# Bitcoin — Bounce or Break?

What an interesting time it has been for Bitcoin and Cryptocurrency markets in general this week and this roller-coaster is not over yet.

As we come to the close of the 9th week of a localised downturn, most people are calling the current market a bear market, well, not me! No I am not a die-hard bull, just a pragmatic analyst who acts on what the data suggests and not what my emotions want me to do.

So, let’s get down to it shall we?

First off, I have established a simple linear regression channel which has been in place since early last year. The channel is two standard deviations wide from the median line and describes an upward trend.

In layman’s terms, the best way to think about a standard deviation is to say that the more variation/volatility there is in the price action of an asset, the more levels of standard deviations there will be within a linear regression model. In this case, having a range of two standard deviations is pretty standard whilst having price data that ranges within a span of one standard deviation is considered to be a very strong indication of high linearity and low volatility.

The next thing to know about the linear regression channel is the Pearson Coefficient value otherwise known as a P-Value. A P-Value of 0.5 or above means that the linear regression model being applied can be considered to be statistically meaningful. Again, for the everyday trader/investor, I would recommend just converting the decimal point to a percentage as the P-Value is an indication of the probability that the linear regression model is “accurate”.

Now, you’ll notice that I have put the word “accurate” inside quotation markers, this is because “accurate” is a subjective term in the world of statistics and modelling and no model can ever predict the future but it can reduce the risk in your decision making process by giving you an idea of the most likely course of action that will ensue.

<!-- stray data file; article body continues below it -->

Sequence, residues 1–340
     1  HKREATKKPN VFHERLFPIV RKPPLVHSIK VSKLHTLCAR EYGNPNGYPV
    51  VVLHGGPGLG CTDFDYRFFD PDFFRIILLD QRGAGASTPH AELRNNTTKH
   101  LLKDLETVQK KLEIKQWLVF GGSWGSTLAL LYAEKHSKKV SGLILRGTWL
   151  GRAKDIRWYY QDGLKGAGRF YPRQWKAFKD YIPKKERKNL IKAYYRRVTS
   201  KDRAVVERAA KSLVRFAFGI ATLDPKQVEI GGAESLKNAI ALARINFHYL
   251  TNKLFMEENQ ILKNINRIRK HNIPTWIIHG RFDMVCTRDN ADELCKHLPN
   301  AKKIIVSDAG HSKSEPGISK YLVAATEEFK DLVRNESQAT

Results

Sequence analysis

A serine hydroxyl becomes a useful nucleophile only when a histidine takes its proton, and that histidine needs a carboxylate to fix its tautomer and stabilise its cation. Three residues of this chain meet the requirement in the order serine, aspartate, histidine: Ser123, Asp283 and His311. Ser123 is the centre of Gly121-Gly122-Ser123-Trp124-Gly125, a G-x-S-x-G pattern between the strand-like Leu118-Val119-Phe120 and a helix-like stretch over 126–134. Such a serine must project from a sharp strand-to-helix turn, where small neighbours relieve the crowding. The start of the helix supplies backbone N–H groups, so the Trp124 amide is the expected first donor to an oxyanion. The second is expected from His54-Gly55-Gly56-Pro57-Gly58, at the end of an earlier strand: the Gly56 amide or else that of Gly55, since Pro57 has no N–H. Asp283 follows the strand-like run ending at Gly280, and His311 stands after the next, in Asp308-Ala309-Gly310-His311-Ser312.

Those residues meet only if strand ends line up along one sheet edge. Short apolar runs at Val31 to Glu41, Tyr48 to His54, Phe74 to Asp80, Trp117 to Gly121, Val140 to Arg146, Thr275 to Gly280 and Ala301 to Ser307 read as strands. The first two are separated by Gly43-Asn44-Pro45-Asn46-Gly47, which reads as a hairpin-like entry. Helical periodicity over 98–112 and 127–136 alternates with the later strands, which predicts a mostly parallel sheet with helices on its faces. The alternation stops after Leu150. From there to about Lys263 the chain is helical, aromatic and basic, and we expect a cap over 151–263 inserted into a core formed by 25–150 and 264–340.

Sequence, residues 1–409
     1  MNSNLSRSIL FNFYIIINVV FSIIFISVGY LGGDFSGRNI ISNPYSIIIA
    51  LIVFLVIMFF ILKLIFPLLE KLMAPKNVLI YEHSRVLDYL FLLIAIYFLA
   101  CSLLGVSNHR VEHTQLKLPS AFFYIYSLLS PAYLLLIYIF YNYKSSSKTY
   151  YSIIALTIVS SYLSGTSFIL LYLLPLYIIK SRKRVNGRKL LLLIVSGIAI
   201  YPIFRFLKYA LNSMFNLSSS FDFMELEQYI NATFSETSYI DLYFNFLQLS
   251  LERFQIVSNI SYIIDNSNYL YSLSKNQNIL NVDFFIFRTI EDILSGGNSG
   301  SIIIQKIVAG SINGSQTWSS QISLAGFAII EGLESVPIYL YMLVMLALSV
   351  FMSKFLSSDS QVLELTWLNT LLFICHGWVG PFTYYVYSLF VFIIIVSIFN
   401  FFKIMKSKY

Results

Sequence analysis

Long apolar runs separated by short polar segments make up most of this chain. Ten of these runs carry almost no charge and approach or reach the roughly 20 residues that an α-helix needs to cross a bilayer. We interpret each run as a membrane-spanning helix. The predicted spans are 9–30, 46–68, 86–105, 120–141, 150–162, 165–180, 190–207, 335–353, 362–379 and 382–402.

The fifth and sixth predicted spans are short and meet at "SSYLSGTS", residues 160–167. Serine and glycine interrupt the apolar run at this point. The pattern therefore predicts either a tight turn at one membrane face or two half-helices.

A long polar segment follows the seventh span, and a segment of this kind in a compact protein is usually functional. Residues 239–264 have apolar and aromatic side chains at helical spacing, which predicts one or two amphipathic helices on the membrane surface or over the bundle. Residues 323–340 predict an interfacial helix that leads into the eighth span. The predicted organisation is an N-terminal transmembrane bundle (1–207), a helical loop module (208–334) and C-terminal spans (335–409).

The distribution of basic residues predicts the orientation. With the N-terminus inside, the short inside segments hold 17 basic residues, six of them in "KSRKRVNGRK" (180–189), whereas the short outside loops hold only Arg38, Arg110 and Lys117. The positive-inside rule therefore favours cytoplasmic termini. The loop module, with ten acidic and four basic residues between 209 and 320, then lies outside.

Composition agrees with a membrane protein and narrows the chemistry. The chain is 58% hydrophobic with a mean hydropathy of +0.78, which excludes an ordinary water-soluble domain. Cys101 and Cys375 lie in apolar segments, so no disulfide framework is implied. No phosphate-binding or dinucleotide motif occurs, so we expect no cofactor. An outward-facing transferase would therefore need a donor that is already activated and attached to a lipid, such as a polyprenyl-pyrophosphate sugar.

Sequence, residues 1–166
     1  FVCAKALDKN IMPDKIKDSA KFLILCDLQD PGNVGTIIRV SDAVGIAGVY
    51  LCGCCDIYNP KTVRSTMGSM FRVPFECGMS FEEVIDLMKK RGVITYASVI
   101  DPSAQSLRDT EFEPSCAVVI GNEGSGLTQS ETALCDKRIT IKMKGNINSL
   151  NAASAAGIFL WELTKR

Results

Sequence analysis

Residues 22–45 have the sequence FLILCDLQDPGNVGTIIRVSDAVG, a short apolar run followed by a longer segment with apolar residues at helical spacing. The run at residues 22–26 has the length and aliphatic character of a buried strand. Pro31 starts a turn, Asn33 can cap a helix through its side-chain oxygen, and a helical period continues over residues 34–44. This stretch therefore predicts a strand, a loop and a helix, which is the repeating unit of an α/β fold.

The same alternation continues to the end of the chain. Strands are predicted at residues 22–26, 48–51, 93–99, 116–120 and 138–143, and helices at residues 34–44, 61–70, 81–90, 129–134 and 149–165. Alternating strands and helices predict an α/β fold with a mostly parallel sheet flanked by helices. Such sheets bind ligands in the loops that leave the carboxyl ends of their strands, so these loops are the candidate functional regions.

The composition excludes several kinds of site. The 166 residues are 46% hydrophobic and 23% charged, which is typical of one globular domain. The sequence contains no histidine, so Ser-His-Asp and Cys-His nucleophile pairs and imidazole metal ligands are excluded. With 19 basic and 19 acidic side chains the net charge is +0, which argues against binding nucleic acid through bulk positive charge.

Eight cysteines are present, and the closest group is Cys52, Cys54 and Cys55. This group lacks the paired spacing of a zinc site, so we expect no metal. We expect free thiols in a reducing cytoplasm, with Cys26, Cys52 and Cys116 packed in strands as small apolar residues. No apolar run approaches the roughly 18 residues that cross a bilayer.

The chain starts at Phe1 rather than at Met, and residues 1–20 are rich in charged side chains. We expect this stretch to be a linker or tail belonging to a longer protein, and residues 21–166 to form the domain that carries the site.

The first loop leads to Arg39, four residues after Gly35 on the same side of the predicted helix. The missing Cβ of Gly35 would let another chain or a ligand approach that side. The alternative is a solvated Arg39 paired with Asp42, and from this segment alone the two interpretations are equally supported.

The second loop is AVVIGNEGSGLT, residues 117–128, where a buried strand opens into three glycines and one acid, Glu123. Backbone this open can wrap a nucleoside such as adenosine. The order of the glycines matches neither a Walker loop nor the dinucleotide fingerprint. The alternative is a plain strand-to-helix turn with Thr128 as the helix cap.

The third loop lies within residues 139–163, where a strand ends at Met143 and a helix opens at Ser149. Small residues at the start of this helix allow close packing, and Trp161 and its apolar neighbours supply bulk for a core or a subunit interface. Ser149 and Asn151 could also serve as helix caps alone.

Hopefully, by now, you would have noticed something really interesting on the linear regression channel that has been plotted on the chart. If you haven’t noticed it, go and look…….

Seen it? Yes, the P-Value for the current linear regression model is only 0.20 or 20% which makes this linear regression model likely to be invalidated at any point, however, despite the low Pearson Coefficient, you’ll notice that the price action for the previous 12 months has, by in large, respected the linear regression model boundaries relatively well. In a situation like this, I tend to anchor my decision process to the following presumption:

“** If the P-Value is below 0.5 but the boundaries have been respected for 3 months or more, trade and invest as though the linear regression boundaries are inviolable until the linear regression model is invalidated.**”

This is one of my clearly established personal trading and investment rules which helps limit emotionally biased trading.

From the perspective of the linear regression model on the previous 12 months of data, Bitcoin is clearly still in an uptrend overall. There will be some that claim I am mad but the fact is, from January last year (2021) to January this year (2022), the price of Bitcoin has increased and not contracted. I concede that the localised price action is in a retracement leg but as most of us know, a leg down is followed by a leg up and a leg up is followed by a leg down — This is not zen wisdom, just a basic fact that people are all too eager to ignore. This “leg down” is the current leg, the question here is, how far down does that leg go?

My view on the situation is that a collapse of price action below $27,193 would be a confirmation of a true market reversal and a true bear market which hasn’t been seen since the trading year 2018–2019 which could also fulfil the four year cycle “theory” if you believe in such things.

Having said that, a sustainment of price action above $27,193 and an ensuing sustained increase in price action would indicate the conclusion of a downward leg and the commencement of the upward leg which would then mean that the linear regression model remains, for the time being, intact.

Having talked a lot about the linear regression model and my usage of that model, let’s move on to the volume profile. In this case, I utilise a fixed point volume profile to measure the activity in price action across a given range, with that range being from January 2021 through to the current date.